The Evolution of Photography

Wet Rose, photo by Harold Davis.

I love my digital cameras, and am blown away by the intelligence built into them. My Nikon D70 gets a great many things right in one of its auto exposure modes. This picture was taken in aperture-preferred mode on a tripod, where I set the aperture and the camera picked the shutter speed, but this is an exception that proves the rule.

For the most part, digital cameras even as elegant as the D70 are old-style SLRs grafted onto a sensor-based digital capture array (instead of film). Why can’t camera manufacturers start thinking about a camera that leaves the evolution of photography behind – and recognizes the reality of digital photography?

I’d like to see:

  • A reasonable language and interface for programming my digital camera.
  • A mechanism for saving my images directly to my computer via USB when I’m in the studio (this would be faster than Flash card storage, and save a workflow step).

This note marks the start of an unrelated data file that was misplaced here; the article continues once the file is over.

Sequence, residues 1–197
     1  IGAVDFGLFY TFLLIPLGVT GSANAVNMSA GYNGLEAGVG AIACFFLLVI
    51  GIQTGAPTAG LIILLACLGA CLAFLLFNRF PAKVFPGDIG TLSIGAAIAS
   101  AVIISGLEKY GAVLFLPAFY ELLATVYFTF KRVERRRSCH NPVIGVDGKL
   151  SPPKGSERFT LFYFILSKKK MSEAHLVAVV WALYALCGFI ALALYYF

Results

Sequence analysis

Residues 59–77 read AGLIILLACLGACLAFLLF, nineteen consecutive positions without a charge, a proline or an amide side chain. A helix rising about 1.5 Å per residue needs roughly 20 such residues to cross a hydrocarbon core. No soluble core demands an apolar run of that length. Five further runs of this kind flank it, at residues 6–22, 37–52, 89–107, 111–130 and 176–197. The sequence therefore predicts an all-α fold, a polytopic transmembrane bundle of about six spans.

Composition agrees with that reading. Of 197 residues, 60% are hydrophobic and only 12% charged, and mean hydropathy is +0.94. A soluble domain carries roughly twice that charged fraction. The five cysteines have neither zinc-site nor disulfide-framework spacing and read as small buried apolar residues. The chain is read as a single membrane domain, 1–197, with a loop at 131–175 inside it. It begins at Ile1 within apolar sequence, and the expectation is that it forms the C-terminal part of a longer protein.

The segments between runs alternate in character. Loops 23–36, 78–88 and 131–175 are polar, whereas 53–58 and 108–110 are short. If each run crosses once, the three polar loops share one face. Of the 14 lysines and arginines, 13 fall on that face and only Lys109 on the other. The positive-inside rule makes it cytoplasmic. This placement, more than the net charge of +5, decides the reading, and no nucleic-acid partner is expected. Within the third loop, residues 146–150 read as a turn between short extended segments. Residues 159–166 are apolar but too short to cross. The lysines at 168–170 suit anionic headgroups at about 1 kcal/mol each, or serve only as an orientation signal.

• The three exposure control variables in a camera are ISO, aperture, and shutter speed. You can easily control aperture and shutter speed, but not ISO. This is a holdhover from the days of film, in which the film selected pretty much controlled the ISO you used. In the digital era, ISO should be set via a dial on the surface of the camera, just like aperture and shutter speed.
  • A way to easily program bracketing for greater flexibility with exposure

Do you have any suggestions about what a digital camera should be? Please add them as a comment here. Maybe the camera manufacturers will listen to us…

This entry was posted in Bemusements, Flowers, Photography, Photoshop Techniques.

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  1. […] en they design their digital cameras) the principles are the same as film photography. See The Evolution of Photography for my thoughts on how digital cameras could become, well, more like comput […]

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